“That’s it,” I told my husband when we put on the new metal roof three years ago. In my reasoning I figured that the roof was good to go long after we were walking on the earth. Someone else would have to worry about replacement costs.
Yippee! No more home restoration projects. We could sit back and live in our house without the inconvenience of construction interruptions of any kind. All the company we had put off could be invited since the guest bathroom was now ready, the painting done and the landscaping complete.
Wrong! I should have known better. What could I have been thinking? Homeownership always equals another project in the works. It’s a fact of life like calamity, which comes at the wrong time right in the middle of the busiest week in the month.
“It’s a never ending cycle, so you should be used to it by now,” said my husband when he told me that we needed to fix our front sidewalk because it wouldn’t make it through another winter safely.
That wouldn’t have been too bad except that a contractor was putting in a new driveway for our neighbor and cut us a good deal if we wanted to do ours, too.
“Here we go with the domino effect again,” I grumbled.
“But it is a chance of a lifetime, and it will go nicely with the new sidewalk,” said my husband.
“If we do the driveway that means we have to re-landscape along the sides to get the right drainage slope.” I said.
“It all goes together. You don’t understand,” my husband retorted. His patience with me was shot I could tell.
In the meantime I hurriedly went to hide my “wish list” journal containing my ultimate household dreams for fear that my husband had been reading it. I had a few other simple projects that would be nice, but not necessary like high fencing around his many outside project materials he had collected from living here for thirty years.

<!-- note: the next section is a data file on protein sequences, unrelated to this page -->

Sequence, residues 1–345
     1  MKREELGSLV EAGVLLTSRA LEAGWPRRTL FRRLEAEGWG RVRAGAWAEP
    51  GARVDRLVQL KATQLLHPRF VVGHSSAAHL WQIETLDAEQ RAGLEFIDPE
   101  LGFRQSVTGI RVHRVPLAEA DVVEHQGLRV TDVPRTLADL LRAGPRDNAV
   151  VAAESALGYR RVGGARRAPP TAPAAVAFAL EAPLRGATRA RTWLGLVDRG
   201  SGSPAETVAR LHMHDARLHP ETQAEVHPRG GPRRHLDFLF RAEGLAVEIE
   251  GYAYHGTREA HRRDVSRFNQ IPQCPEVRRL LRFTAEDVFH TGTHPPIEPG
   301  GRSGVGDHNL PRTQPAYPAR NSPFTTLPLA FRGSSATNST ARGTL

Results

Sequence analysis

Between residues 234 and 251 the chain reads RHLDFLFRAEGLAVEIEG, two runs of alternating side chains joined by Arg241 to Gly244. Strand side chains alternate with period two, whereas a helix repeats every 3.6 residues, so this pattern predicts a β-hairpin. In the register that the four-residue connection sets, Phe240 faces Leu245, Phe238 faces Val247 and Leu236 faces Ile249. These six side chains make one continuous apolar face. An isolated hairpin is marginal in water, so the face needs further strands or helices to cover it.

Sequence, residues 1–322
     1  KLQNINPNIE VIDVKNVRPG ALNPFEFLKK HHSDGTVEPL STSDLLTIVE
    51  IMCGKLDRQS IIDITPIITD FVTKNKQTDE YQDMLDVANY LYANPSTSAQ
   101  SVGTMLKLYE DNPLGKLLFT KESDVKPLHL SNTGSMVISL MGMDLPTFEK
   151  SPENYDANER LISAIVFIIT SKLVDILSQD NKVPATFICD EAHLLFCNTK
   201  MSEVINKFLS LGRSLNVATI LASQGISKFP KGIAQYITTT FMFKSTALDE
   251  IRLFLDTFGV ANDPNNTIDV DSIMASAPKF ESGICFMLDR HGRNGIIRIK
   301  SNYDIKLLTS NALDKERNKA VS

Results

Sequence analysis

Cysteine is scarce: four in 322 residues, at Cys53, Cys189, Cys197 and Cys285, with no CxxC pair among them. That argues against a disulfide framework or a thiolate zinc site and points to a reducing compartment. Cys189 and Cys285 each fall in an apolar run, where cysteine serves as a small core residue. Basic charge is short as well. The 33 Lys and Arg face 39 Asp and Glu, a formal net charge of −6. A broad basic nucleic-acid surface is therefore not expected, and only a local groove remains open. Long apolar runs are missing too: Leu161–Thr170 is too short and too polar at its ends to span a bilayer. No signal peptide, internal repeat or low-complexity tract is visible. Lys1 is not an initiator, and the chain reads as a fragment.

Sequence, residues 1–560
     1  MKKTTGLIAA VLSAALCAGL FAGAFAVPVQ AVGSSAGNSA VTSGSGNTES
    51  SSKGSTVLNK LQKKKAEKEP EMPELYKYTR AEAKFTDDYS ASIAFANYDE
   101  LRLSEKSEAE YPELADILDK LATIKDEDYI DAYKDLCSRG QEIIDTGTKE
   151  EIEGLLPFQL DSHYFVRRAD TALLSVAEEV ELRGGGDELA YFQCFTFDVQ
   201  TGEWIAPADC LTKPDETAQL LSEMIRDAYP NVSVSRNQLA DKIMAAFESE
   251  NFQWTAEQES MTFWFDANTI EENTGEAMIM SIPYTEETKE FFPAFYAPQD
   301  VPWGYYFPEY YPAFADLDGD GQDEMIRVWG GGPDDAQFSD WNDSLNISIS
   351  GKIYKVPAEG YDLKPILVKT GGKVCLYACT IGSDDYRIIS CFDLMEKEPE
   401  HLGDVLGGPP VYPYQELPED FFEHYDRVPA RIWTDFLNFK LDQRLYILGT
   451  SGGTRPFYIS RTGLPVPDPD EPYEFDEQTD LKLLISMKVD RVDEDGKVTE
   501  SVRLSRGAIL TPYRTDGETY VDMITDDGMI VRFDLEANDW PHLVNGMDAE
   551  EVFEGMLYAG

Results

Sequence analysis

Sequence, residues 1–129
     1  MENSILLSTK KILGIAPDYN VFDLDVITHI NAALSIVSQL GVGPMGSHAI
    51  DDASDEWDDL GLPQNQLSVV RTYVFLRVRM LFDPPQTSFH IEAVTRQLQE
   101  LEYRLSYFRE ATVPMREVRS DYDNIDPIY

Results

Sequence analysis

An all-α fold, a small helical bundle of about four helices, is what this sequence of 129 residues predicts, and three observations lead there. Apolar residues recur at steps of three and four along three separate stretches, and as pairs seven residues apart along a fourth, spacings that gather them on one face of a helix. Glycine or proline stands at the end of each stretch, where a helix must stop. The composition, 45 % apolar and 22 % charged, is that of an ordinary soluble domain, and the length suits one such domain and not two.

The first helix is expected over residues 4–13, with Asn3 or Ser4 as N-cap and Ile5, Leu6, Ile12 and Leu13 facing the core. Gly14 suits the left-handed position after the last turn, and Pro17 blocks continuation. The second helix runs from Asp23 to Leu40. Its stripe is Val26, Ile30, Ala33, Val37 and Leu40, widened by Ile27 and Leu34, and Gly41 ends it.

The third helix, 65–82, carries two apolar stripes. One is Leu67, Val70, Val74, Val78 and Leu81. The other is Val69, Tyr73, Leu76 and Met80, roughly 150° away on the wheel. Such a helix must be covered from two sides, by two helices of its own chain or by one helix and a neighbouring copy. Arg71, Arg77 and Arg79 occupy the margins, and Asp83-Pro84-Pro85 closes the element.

Yup! That is happening, too.
“How can we not do it? While our dependable high school apprentice is here the posts can be set in the ground. You’ve wanted that for years,” said my husband.
Granted I have spent more time at the lumberyard and hardware store than other stores that I would rather be, but it is a great place to commiserate with others homeowners who are in the same boat. There must be some comfort in it as I look at the faces of all the other happy homeowners picking out their products for their projects.
Last night my daughter and her husband called and said that they were putting a purchase offer on a new home. We were delighted for them. We wouldn’t think of dampening their joy with the fact that there would be more to do once they move in.
“Oh, well, they’ll learn,” I said.
Personally, I think that we are done for the summer, and maybe for a awhile if I hold my breathe.
No sooner had I congratulated myself for the ordeal being over when I hear a cry from the kitchen.
“Honey, the dishwasher is making horrible groans in its rinse cycle,” my husband yells out. “We’ve got to plan for a new one.”
Maybe a new dishwasher will be the last one that I ever buy in my lifetime if we get one with a long-term guarantee. Could it be that things don’t last as long as they used to, and we are being programmed to expect to continually replace items?
We’re always building for the future. Who knows anymore!
Life is great! We’re out to enjoy it. Call us tomorrow.